Posted on 30 November 2017
Staff at the University of York-based Archaeology Data Service (ADS) are doing a Twitter 'take over' to mark the celebrations, tweeting about their work as they are doing it on the hashtag #ADSLive.
The methods used in archaeological excavations often result in the physical destruction of primary evidence, which means that it is important that archaeologists create and preserve a comprehensive digital record of their research. These archives are effectively the only traces that remain of the primary evidence that others can test, assess and reanalyse in the future.
Archaeology has increasingly adopted new digital technologies to investigate the past and is now creating digital data in vast quantities. The ADS at York, currently the only digital repository in the UK accredited with the Data Seal of Approval that specialises in preserving heritage, was established 21 years ago in response to the need for a digital archaeology depository.
Digital records, however, can also be vulnerable as hardware and software advances, making older technologies out-of-data and unreadable. Digital data therefore requires special interventions to ensure their long-term use and prevent important digital data from being lost forever.
The archives held by the ADS include data from all over the world carried out by academic, commercial and community research projects in the UK and by UK researchers working across the globe.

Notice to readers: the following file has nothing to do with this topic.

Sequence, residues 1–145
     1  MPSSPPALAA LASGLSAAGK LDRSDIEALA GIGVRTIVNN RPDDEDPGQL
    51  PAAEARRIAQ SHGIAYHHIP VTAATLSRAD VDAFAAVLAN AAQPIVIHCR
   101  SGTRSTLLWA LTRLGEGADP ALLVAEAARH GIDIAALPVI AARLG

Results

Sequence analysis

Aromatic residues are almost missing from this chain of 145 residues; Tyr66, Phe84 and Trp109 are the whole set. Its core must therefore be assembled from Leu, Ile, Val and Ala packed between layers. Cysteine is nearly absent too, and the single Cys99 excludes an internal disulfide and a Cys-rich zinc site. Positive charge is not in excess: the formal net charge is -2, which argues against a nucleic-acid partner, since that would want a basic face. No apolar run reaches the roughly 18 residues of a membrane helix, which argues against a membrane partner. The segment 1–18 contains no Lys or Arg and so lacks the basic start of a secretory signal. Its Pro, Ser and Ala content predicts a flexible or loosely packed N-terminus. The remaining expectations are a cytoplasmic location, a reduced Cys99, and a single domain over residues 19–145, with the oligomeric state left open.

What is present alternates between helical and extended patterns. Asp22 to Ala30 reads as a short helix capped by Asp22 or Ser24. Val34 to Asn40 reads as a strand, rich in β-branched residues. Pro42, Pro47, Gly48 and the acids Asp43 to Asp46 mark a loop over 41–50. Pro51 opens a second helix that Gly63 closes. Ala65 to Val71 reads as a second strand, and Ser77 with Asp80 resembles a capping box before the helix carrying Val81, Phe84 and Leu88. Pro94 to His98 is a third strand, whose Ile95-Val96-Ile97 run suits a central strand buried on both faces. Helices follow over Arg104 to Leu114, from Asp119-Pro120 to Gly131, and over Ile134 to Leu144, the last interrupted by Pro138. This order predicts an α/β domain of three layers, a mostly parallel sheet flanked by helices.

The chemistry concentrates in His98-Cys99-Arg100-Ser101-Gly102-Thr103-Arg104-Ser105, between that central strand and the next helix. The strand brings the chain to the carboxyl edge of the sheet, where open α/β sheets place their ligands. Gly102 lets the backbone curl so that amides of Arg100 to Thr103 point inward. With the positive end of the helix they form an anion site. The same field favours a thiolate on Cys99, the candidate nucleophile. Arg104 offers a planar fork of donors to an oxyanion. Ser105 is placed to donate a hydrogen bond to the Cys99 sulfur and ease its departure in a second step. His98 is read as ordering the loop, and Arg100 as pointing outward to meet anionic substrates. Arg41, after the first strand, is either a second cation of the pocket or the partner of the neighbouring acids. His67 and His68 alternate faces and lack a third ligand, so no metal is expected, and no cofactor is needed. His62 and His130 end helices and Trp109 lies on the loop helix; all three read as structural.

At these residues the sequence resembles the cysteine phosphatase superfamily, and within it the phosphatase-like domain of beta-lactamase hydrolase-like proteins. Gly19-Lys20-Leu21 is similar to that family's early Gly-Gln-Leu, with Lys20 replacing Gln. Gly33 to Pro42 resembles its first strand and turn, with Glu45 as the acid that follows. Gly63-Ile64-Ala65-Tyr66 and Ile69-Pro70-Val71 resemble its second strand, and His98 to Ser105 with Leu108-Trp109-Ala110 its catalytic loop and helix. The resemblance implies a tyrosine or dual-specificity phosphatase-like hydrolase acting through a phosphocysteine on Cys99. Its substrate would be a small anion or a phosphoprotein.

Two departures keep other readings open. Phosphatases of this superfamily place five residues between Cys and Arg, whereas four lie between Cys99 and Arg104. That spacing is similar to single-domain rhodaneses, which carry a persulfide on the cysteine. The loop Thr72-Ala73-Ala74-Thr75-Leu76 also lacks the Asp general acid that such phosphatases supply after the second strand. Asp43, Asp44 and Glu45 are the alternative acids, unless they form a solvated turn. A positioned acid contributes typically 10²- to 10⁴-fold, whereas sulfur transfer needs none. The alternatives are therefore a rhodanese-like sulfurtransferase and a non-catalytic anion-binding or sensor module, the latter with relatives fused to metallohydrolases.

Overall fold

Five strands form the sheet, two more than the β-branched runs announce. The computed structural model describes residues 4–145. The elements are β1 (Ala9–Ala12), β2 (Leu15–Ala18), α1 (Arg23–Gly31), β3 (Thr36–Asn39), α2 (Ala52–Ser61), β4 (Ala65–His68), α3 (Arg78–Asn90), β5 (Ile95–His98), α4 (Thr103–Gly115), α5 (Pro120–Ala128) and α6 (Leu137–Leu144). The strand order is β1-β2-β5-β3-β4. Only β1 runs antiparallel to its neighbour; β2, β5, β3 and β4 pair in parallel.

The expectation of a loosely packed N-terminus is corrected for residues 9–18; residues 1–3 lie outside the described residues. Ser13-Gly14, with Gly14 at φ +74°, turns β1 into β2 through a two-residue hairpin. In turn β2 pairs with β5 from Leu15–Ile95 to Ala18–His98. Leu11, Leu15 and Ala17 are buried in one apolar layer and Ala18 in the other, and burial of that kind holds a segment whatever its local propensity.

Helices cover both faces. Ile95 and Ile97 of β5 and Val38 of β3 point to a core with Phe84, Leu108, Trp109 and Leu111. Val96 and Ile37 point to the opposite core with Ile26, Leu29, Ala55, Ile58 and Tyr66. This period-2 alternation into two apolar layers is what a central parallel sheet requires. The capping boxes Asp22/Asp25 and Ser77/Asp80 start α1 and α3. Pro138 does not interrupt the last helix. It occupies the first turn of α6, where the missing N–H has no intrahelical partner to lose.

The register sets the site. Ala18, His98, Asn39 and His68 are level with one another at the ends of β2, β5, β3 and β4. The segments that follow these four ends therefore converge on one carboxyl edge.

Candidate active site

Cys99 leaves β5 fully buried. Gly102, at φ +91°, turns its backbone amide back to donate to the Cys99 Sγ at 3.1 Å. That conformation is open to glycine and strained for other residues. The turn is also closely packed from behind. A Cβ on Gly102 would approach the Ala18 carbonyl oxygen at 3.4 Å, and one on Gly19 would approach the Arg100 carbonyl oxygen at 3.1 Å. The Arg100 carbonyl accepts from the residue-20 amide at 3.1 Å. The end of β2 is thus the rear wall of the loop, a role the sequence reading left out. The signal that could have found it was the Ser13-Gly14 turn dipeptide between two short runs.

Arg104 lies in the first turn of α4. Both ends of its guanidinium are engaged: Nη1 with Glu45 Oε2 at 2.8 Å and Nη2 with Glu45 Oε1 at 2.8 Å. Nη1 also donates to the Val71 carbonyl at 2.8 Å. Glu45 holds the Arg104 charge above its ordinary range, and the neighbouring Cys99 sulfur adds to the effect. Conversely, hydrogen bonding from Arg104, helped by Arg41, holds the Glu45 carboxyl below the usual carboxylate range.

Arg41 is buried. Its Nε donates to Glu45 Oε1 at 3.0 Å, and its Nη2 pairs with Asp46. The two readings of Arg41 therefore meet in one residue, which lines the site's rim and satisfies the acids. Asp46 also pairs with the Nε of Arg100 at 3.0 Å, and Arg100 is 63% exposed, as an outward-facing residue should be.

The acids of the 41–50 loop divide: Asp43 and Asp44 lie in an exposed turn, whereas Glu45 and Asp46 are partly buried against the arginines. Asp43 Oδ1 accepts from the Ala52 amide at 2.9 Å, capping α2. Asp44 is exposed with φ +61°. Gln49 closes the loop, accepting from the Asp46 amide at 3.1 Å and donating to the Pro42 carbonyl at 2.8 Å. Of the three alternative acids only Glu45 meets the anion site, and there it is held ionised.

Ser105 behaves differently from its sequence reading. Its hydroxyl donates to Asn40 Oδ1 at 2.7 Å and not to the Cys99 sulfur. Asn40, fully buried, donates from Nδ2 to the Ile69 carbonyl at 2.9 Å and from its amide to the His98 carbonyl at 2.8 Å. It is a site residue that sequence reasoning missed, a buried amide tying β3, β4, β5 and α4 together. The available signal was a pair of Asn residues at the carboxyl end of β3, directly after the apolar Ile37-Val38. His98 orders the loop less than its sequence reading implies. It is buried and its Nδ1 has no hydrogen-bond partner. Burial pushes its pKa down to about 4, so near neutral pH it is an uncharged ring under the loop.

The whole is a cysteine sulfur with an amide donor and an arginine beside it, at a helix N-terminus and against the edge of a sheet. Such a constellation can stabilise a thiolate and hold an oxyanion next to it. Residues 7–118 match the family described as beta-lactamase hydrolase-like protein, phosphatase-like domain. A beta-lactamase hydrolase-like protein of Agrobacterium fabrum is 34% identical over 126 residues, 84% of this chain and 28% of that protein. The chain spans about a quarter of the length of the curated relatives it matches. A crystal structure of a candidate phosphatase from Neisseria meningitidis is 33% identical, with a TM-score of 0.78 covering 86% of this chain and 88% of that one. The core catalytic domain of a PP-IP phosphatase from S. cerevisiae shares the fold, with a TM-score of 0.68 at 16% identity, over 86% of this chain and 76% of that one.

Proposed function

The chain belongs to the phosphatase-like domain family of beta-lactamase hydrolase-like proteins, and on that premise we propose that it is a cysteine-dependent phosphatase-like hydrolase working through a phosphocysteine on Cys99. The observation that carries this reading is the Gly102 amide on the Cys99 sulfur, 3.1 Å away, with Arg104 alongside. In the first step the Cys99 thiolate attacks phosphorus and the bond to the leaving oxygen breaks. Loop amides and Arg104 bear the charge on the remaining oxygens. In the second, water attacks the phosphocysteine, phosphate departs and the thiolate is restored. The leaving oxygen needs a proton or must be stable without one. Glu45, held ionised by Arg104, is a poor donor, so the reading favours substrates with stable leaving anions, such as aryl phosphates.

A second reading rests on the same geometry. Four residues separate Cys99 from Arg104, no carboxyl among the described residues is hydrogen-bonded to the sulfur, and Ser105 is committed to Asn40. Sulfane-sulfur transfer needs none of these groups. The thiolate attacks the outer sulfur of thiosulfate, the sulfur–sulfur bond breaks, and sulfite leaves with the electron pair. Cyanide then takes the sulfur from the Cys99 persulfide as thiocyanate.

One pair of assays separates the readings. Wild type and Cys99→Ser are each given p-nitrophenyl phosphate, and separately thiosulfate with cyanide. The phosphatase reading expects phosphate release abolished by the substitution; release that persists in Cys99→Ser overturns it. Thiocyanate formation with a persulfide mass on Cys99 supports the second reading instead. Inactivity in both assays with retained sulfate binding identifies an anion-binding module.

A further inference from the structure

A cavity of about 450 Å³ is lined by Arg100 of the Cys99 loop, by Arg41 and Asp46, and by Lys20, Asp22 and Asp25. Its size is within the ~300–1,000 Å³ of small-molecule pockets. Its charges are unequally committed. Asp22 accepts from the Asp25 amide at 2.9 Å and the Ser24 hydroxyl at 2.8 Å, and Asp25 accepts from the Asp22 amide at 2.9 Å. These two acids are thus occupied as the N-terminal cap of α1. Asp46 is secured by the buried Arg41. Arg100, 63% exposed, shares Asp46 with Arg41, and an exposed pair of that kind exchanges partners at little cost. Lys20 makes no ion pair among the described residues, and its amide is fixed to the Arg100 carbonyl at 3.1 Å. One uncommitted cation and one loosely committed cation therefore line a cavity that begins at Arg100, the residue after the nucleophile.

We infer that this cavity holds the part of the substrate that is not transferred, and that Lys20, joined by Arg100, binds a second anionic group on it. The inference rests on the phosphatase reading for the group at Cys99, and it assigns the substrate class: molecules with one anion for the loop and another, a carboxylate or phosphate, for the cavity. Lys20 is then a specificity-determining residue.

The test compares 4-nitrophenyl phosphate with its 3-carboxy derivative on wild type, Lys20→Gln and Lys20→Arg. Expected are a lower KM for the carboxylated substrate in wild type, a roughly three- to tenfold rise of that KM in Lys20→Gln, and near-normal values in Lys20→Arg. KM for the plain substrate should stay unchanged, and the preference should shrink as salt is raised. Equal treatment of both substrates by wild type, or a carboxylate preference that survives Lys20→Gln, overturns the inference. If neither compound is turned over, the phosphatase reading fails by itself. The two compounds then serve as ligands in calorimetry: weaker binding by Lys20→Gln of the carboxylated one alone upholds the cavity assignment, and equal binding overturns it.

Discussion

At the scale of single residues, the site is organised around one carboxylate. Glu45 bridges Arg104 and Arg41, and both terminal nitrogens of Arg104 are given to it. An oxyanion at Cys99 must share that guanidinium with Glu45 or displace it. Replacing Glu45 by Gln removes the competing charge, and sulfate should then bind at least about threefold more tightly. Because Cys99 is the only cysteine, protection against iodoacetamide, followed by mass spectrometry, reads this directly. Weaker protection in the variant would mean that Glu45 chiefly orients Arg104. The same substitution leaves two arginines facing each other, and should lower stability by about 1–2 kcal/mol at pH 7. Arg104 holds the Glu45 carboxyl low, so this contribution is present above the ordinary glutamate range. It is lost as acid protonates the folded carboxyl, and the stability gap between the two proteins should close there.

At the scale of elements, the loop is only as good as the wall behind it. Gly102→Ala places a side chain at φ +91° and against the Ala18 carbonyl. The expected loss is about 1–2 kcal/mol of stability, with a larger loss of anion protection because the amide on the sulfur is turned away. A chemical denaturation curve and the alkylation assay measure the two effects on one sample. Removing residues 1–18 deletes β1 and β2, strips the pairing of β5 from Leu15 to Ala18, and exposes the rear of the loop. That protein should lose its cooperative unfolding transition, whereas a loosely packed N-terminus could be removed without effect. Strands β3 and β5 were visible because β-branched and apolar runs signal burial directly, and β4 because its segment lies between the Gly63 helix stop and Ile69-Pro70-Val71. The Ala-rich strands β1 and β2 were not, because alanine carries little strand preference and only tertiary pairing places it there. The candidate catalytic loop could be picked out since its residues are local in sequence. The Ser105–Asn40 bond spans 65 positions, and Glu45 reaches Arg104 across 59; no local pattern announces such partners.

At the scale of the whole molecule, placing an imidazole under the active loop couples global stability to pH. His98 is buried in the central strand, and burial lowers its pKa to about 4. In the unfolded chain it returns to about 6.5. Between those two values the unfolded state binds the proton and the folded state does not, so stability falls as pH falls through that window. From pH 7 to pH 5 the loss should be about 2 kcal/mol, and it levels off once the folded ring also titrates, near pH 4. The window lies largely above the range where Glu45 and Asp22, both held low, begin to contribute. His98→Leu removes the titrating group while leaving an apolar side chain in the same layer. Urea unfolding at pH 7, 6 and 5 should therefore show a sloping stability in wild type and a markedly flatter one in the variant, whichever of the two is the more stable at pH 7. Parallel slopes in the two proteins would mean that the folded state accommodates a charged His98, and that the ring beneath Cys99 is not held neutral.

Here are a few examples of the records that can be found in their digital archive:
This digitised version of a hand-painted glass slide depicts Stonehenge dating to 1895 by H.M.J. Underhill. This image can be found in the H.M.J. Underhill Project archive, which contains digitised copies of a collection of glass slides that depict the Megalithic Monuments of Great Britain. It includes images of the famous sites of Stonehenge, Avebury, Stanton Drew and the Rollright Stones. The archive also contains glass slides depicting Romano-British city remains from Bath, Colchester, Silchester and Wroxeter and examples of vernacular architecture of European windmills. Image © University of Oxford.
This image is a photograph of conservation work undertake on the Nave Ceiling of Peterborough Cathedral. The ceiling, erected and painted in the first half of the 13th century, is of international significance. A conservation project began in 1994 and the ADS archive contains digital reports and notes on the work as well as the digital photographs documenting the process and a database of the board-by-board survey undertaken. Image © Peterborough Cathedral.
This is an image of the 3D model of the Grimsay Wheelhouse created using the technique of photogrammetry and part of the ACCORD project. The project was a collaboration between the Digital Design Studio at the Glasgow School of Art, the University of Manchester, the Royal Commission on the Ancient and Historical Monuments of Scotland, Archaeology Scotland and local community groups to co-design and co-produce 3-Dimensional digital models of heritage places and monuments. This model can be found in the ACCORD archive which contains the data from the whole project. Image © Access Archaeology, ACCORD project.